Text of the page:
To date, oysters in the Netherlands are cultivated at the bottom of shallow waters (i.e. bottom cultivation) or on so-called cultivation tables. Bottom culture oysters are moved twice a year to ensure ideal conditions for growth and to cope with silting. These operations require a lot of vessel movements and manual labour. The cultivation operations can also cause unwanted pressure on the environment.
Consequently, stricter regulations are expected to reduce the space where oysters can be grown. In addition, predators, oxygen depletion and weather conditions are a hindrance and growing concern for bottom cultivation. Alternative production methods based on cultivation tables require a relatively large amount of manual labour in comparison; sometimes oysters have to be shucked up to 15 times a year for the purpose of obtaining a nice shape shell. In addition, cultivation tables also lead to tension in drying areas that are also home to many foraging migratory birds.
This is the reason why this project aims to develop a new cultivation method based on floating systems that allows sustainable cultivation of oysters in tidal environments, with the added advantage of minimising manual labour through (mechanical) automation. The basis of the proposed 'flip farm system' consists of several floating baskets in which the oysters are grown. The baskets are connected by a line. Several buoys and anchors (i.e. grid) keep the breeding baskets at the intended location and height in the water column (matched to optimal algae concentrations). A methodology will be developed to turn the baskets regularly (with minimal labour) for the purpose of obtaining an attractive oyster shape; this will investigate how to efficiently make use of tidal action. In the process, an innovative system will be developed to classify and sort oysters in a smart and automated manner during the process, both during cultivation and at harvest time.
In summary, the envisaged flip farm system consists of three components, which will be developed and demonstrated within this project:
Floating system: The basis of the new breeding system will be a number of floating oyster baskets floating in the upper part of the water column (oyster gully). This is where most of the nutrition (naturally occurring algae) is located and therefore rapid growth occurs. In addition, the floating principle will allow for better control of the cultivation, i.e. less dependent on the state of the tide, as is the case with cultivation tables.Flip system: To obtain a nice shell shape (which has a lot of market value), the idea is to flip these floating systems with a flip system periodically and fully automatically. This will remove faeces and sharp parts from the shell. The starting point is to let this tilting process take place on a natural basis with the help of tide/current/wind.Sorting technology: Within this project, new technical sorting technology is being developed to achieve accurate and automated classification of oysters (in all breeding phases) in the breeding process, enabling efficient and smart sorting. Through a pilot in the Waterdunen nature reserve, the project participants J.P. Dhooge BV and HZ University of Applied Sciences aim to demonstrate that:- Impact on environment and nature of the new methodology is very low;- The system has potential to be further rolled out (in a modular way) in other tidal environments and could serve as a possible alternative to bottom cultivation;- High-quality oysters can be grown in a (cost-)efficient and automated way using this method.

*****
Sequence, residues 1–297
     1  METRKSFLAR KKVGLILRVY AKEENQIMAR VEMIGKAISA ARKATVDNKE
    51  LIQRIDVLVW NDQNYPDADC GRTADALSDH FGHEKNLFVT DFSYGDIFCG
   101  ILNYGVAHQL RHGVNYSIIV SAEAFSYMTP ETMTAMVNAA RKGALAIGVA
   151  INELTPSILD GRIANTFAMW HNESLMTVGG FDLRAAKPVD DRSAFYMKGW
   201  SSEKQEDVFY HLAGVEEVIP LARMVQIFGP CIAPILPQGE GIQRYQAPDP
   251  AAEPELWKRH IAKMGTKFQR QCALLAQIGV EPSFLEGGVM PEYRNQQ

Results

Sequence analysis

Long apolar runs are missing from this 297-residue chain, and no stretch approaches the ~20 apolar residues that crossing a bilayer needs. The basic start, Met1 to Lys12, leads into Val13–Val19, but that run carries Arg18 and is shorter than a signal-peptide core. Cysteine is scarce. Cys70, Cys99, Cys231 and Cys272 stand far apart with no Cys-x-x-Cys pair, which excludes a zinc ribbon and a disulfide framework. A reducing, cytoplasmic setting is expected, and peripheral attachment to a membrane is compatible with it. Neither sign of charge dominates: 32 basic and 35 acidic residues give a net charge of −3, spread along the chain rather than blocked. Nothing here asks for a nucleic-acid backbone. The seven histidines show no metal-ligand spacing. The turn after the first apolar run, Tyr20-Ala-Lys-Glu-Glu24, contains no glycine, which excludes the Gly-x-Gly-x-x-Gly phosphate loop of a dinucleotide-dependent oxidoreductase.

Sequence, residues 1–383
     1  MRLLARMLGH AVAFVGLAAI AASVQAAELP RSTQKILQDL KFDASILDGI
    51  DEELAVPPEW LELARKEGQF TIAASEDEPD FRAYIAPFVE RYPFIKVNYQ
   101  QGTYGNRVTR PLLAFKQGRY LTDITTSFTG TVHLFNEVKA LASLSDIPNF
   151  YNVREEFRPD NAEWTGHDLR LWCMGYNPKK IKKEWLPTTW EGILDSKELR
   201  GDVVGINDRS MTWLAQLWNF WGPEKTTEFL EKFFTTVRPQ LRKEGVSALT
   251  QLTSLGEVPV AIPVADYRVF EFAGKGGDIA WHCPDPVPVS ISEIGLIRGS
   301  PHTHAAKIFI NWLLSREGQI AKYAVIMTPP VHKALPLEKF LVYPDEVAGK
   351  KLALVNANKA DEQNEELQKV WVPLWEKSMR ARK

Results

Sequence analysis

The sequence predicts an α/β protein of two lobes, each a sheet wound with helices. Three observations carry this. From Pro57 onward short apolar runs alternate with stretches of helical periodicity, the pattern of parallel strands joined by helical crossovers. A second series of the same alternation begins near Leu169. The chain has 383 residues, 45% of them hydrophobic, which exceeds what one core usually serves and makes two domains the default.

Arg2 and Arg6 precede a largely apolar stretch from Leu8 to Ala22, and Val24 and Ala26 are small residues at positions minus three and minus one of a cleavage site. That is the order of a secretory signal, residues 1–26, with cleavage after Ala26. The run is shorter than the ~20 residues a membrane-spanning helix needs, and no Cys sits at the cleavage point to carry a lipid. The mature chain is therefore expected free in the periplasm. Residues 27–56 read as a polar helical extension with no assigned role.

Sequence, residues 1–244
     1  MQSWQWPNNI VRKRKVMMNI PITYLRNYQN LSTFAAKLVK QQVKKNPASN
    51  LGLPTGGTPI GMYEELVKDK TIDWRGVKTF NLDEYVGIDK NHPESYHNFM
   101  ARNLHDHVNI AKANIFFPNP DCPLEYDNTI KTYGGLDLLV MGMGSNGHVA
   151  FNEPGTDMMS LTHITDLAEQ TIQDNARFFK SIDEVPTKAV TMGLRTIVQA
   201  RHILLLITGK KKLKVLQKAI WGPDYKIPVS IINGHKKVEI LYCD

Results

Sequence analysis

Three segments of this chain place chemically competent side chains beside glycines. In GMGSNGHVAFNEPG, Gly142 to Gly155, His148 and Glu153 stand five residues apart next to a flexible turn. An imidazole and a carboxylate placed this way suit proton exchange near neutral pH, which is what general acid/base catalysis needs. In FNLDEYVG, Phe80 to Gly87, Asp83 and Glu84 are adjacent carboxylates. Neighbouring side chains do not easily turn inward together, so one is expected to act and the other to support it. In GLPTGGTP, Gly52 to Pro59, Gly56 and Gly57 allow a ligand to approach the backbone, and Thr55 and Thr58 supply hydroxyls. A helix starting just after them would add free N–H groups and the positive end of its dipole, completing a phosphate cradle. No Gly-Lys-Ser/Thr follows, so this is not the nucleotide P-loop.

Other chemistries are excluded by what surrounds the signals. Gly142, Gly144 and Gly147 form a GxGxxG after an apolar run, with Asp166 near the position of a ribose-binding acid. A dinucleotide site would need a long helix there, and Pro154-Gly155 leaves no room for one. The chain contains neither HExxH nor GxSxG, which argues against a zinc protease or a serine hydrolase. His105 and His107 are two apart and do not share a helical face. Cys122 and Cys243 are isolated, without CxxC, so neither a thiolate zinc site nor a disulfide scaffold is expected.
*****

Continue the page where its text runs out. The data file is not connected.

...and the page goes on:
The system will thus offer the oyster sector opportunities to become more sustainable in economically interesting ways; fewer ship movements, less impact on the environment and nature and less manual labour required. In addition, the project partners see opportunities to link the production activity to multiple use of space and coastal protection technology or 'Double Levee' principle. The space between the two levees will have tides to which this production process can be tailored extremely efficiently. The limited nature impact of the farming process also allows for multiple space use in Natura-2000 areas based on this farming system. The intended flip-farm system thus enables the oyster sector to produce in a commercially interesting and sustainable way in harmony with nature, recreation and the coastal defence of the Netherlands.
The findings will be announced after the end of the project, expected in December 2024, and will be published on the HZ University of Applied Sciences website, among others. Here, the results will remain findable for at least five years after the end of the project. Also, the findings of this project are available free of charge on request to all companies active in the sector or subsector concerned.
The project was co-funded by Sustainable Fisheries and Aquaculture Grant Scheme (SDVA).